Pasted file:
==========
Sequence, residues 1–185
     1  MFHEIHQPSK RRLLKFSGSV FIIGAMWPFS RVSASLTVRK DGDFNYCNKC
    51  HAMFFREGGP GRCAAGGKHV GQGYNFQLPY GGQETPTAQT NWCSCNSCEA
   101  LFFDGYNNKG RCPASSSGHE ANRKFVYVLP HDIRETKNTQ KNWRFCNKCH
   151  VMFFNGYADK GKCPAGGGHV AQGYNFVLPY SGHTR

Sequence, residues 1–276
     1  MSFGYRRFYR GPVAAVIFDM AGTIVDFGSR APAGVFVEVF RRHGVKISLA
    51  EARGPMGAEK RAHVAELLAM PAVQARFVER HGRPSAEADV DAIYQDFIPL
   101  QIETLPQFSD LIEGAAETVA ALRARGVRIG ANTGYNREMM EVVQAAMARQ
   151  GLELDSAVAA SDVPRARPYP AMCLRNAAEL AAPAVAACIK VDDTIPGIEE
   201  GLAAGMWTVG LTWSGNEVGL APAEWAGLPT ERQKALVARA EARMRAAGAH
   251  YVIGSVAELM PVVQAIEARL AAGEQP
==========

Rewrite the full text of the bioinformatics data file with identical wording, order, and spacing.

Sequence, residues 1–185
     1  MFHEIHQPSK RRLLKFSGSV FIIGAMWPFS RVSASLTVRK DGDFNYCNKC
    51  HAMFFREGGP GRCAAGGKHV GQGYNFQLPY GGQETPTAQT NWCSCNSCEA
   101  LFFDGYNNKG RCPASSSGHE ANRKFVYVLP HDIRETKNTQ KNWRFCNKCH
   151  VMFFNGYADK GKCPAGGGHV AQGYNFVLPY SGHTR

Sequence, residues 1–276
     1  MSFGYRRFYR GPVAAVIFDM AGTIVDFGSR APAGVFVEVF RRHGVKISLA
    51  EARGPMGAEK RAHVAELLAM PAVQARFVER HGRPSAEADV DAIYQDFIPL
   101  QIETLPQFSD LIEGAAETVA ALRARGVRIG ANTGYNREMM EVVQAAMARQ
   151  GLELDSAVAA SDVPRARPYP AMCLRNAAEL AAPAVAACIK VDDTIPGIEE
   201  GLAAGMWTVG LTWSGNEVGL APAEWAGLPT ERQKALVARA EARMRAAGAH
   251  YVIGSVAELM PVVQAIEARL AAGEQP